By allowing ads to appear on this site, you support the local businesses who, in turn, support great journalism.
Change is everywhere
Placeholder Image

Changing American culture is not an easy task - normally we only change out of pure necessity. If history has taught us anything, it is that we are not creatures of change.

We have to see to believe and even then we're skeptical of what we're told.

The thought of climate change or global warming having a negative impact on the world is as foreign to some as the science that proves it. So how do we change the perception of climate change, and, more importantly, how do we change our lifestyles to work toward reversing climate change and living with the consequences of decades of consumption and abuse of the environment?

As far back as elementary school, I can remember talks of a hole in the ozone layer caused by the release of CFCs (chlorofluorocarbons) from aerosols and other household and industrial items.

If we knew then that there was an almost certain likelihood that humans were adversely affecting the environment, why were policymakers not working toward solutions as early as 20 years ago?

Probably because we as a society liked to look at conservationist and other environmentalist as extremist, giving them cute little nicknames like tree huggers. Who's laughing now?

The sad story is now - because for so long we as a people have ignored signs and relied too heavily on our governmental officials to tell us what to do, we'll all have to make sacrifices because of the excessive living that has escalated in our country.

We're a nation that likes to buy things - lots of things - and the bigger the better. The more we have the better we are and the higher up the totem pole we are. It's like the elementary school playground - the kid with the coolest toys is king of the hill.

Where does it end?

Probably with a world in distress and catastrophic climate related events - most likely to include mass migration of peoples in various low-lying terrains.

An awakening, however, is happening all over the world it seems, and, at long last, we're taking notice and talking about climate change as real problem not a plot cooked up in a futuristic science fiction novel. Religious organizations along with scientist are forming groups to reduce human greenhouse emissions and effect change in policy making on the governmental level. And, yes, it seems the scientific and religious community might finally have found some common ground.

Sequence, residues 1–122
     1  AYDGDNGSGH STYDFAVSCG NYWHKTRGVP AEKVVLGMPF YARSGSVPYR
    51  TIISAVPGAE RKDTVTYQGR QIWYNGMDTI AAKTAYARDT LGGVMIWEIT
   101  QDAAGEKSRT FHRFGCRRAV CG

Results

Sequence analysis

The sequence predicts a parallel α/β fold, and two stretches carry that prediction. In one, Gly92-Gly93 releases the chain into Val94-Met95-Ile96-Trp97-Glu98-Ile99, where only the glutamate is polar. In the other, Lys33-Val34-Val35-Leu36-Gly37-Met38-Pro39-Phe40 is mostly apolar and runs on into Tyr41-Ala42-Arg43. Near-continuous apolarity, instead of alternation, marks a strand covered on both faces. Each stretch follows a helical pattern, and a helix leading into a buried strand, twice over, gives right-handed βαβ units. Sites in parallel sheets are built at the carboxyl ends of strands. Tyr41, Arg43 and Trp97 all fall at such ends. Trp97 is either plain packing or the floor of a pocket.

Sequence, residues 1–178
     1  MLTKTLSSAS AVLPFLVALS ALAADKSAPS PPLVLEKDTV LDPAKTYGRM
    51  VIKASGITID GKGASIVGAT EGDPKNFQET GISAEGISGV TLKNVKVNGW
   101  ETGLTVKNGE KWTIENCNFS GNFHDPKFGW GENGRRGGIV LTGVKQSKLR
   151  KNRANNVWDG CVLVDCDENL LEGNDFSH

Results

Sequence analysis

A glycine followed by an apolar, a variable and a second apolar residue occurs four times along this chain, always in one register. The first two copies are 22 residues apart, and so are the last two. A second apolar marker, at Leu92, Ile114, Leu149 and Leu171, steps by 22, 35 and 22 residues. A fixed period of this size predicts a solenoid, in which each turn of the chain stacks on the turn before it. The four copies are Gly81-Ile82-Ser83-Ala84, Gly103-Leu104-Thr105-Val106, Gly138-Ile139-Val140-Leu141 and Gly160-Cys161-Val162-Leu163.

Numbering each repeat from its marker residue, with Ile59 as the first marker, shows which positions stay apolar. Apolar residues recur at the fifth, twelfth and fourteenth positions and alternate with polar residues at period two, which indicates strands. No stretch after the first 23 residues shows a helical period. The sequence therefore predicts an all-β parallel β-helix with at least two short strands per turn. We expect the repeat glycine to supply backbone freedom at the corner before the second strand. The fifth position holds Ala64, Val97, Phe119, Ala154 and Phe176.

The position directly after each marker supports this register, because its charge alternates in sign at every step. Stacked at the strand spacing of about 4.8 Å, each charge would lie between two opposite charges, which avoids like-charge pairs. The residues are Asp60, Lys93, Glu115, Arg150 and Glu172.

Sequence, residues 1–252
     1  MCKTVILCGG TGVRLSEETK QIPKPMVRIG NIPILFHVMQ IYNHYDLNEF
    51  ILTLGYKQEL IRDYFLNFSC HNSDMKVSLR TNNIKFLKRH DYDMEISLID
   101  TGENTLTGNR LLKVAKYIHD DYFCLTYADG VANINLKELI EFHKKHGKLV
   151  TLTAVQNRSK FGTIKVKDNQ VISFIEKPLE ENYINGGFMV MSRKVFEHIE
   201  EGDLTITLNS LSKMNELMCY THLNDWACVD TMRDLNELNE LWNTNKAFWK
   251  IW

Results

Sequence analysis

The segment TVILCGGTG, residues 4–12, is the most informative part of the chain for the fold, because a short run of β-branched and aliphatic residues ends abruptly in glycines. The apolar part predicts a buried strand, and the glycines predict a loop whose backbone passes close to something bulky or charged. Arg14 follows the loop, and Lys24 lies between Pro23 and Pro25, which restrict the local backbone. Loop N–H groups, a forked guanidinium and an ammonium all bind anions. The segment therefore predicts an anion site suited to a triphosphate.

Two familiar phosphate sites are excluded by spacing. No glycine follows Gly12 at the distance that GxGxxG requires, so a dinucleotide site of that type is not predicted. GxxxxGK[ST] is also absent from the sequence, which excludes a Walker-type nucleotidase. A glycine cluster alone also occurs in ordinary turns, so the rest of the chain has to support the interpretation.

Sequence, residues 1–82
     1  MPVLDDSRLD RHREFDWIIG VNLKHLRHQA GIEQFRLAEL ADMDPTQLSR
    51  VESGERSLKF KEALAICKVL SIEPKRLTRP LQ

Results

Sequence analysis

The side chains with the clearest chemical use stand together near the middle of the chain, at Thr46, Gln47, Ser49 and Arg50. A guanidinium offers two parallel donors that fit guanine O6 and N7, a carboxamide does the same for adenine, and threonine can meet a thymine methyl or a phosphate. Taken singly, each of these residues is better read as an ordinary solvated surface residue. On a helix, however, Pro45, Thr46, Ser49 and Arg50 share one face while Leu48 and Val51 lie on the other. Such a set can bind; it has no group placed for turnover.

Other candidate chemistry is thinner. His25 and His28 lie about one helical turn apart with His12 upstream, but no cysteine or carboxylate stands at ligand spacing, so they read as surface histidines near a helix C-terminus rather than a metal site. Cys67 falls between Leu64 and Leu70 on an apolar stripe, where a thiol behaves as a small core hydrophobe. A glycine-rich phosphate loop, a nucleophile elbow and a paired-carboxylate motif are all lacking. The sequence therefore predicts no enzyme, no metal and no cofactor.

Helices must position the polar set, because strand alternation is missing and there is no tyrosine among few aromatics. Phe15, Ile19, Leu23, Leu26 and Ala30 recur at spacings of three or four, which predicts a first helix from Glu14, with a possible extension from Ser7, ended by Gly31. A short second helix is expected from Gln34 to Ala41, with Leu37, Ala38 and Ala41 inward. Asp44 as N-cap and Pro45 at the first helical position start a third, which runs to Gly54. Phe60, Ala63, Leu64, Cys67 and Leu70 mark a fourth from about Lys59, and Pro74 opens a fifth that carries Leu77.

Even some of the most conservative religious groups in the country are shifting their stance on climate change and human impact on the environment in light of current scientific data involving not only global warming, but the melting of the ice shelf and the higher occurrence of extreme weather events.

The Southern Baptist Convention, in June 2007, issued a resolution on global warming saying, "[we] urge Southern Baptists to proceed cautiously in the human-induced global warming debate in light of conflicting scientific research; and be it further resolved that we consider proposals to regulate CO2 and other greenhouse gas emissions based on a maximum acceptable global temperature goal to be very dangerous, since attempts to meet the goal could lead to a succession of mandates of deeper cuts in emissions, which may have no appreciable effect if humans are not the principal cause of global warming, and could lead to major economic hardships on a worldwide scale."

In March of this year, the SBC released a new stance on global warming, calling for more action from its millions of congregants and from its thousands of pastors.

According to a New York Times story published March 10, 44 SBC leaders backed the declaration including the current SBC President the Rev. Frank Page and two former presidents, the Rev. Jack Graham and the Rev. James Merritt.

The new declaration states in part, "We believe our current denominational engagement with this issues has often been too timid, failing to produce a unified moral voice ... Our cautious response to these issues in the face of mounting evidence may be seen by the world as uncaring, reckless and ill-informed."

More and more religious groups have gotten involved in a green movement around the world citing a mandate from God to be better stewards of the environment. Though many tie no particular scripture to an allusion of global warming, Biblical versus pertaining to stewardship ring true for those searching for answers in the Bible.

Whether through science or religion, the United States has to find a new way of living - one with a greater sense of community (in that we live life with regard to how our actions will affect our neighbor).

A cultural shift from success tied to consumption to success tied to the legacy we leave behind needs to happen, not a legacy of an ailing environment and a depleted store of natural resources but a legacy of environmental stewardship and a commitment to the betterment of the human state.

At this point, we as a society have no choice but to take the lead in effecting change. It is up to us as a community to challenge our public officials to, once and for all, take a stand and begin to enact rule in the way of climate change.

A proactive electorate is needed because, if we've learned anything from the past, governmental knee-jerk reactions generally are more painful and less effective than real planning and legislation.

Robby Byrd is the editor of The Covington News. He can be reached at rbyrd@covnews.